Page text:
Space tourism could help boost science research

White Knight Two carrying the spaceplane SpaceShipTwo. jfoust, CC BY

ESA astronaut Samantha Christoforetti and others on a parabolic flight. ESA

Space tourism could help boost science and health research – here’s how:

„The announcement of the draft Spaceflight Bill in the Queen’s Speech will allow the development of spaceports in the UK. This could see members of the paying public launched into space as tourists, or taking sub-orbital flights from London to New York in just 45 minutes.

Such adventures will be made possible through futuristic spaceplanes, as are already in development by companies such as Virgin Galactic, that will enable us mere mortals to experience weightlessness. If this sounds only of interest to those who can afford the six-figure ticket price, it also has major implications for scientific discovery. Space travel-related research has probably already had a more substantial positive impact on your life than you realise, and this announcement could increase this still further.

Space agencies such as ESA and NASA currently provide access to simulated microgravity for scientific research using parabolic flights. These allow human physiology research to be carried out more easily than on the International Space Station, but the time spent in microgravity is very short. Spaceplanes may provide longer sessions, which could enable more comprehensive research to inform the design of experiments into the longer-term physiological changes from spaceflight.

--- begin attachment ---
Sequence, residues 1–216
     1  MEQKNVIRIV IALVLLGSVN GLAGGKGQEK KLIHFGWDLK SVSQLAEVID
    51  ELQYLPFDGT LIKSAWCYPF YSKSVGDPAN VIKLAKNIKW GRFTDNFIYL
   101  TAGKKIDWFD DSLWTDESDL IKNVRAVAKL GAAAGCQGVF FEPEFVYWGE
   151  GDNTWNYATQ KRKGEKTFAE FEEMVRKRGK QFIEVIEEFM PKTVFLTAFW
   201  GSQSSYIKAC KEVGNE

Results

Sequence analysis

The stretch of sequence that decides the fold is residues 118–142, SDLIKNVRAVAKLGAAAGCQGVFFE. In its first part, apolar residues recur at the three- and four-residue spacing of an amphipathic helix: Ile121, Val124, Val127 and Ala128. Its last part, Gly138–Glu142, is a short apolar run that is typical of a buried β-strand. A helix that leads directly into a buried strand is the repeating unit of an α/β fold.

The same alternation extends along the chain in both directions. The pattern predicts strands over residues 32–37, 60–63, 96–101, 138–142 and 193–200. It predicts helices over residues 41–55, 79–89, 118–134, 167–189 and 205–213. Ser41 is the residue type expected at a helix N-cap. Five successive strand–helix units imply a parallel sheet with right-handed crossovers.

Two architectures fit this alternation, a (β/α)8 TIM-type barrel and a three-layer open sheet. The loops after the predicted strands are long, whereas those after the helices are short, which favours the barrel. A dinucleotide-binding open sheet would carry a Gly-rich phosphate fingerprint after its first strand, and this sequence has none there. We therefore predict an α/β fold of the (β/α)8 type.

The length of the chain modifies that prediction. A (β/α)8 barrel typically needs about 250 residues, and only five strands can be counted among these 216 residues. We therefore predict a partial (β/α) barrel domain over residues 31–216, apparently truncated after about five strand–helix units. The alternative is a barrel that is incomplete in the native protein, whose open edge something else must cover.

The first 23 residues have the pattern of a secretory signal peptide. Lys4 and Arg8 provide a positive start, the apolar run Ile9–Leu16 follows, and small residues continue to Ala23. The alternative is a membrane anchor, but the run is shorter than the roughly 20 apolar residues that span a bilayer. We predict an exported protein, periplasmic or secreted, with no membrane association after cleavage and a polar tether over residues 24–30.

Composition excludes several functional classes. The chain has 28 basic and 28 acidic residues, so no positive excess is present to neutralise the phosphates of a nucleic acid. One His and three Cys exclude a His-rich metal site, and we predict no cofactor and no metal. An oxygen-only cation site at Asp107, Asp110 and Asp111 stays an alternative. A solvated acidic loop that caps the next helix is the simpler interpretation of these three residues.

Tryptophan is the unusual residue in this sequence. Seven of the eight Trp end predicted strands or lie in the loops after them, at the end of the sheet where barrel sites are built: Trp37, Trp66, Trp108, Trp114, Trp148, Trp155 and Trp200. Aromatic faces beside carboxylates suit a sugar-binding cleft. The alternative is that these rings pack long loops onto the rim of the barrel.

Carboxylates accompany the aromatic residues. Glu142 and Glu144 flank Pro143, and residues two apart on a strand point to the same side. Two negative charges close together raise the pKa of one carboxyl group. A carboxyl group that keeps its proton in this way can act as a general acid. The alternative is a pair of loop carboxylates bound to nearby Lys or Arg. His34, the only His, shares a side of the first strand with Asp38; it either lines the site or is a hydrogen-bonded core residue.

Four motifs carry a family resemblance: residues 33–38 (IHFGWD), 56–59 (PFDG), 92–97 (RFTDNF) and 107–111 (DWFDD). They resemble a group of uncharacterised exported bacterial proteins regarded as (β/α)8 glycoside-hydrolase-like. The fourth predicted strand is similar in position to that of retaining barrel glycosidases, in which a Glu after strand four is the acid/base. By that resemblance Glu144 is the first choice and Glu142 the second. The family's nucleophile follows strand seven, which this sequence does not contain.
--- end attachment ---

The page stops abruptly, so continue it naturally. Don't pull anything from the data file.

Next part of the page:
Perhaps one day we will see research teams launching groups of participants to spend a few weeks or months aboard a space hotel in order to study medical interventions that would slow the ageing process on Earth, and to help the human species colonise the Moon or even Mars.

Research dating back to the early years of the space race has led to technologies that benefit us all. Many scientific discoveries have come since the arrival of inhabitable space stations that act as orbital laboratories. NASA’s first space station Skylab helped understand the effects on the human body of spending months in space and paved the way for the International Space Station. (…)“


Original article published at The Conversation, see full article there.

Authors: Associate Professor of Musculoskeletal Health, Northumbria University, Newcastle, Lecturer, Northumbria University, Newcastle, PhD Candidate, Northumbria University, Newcastle

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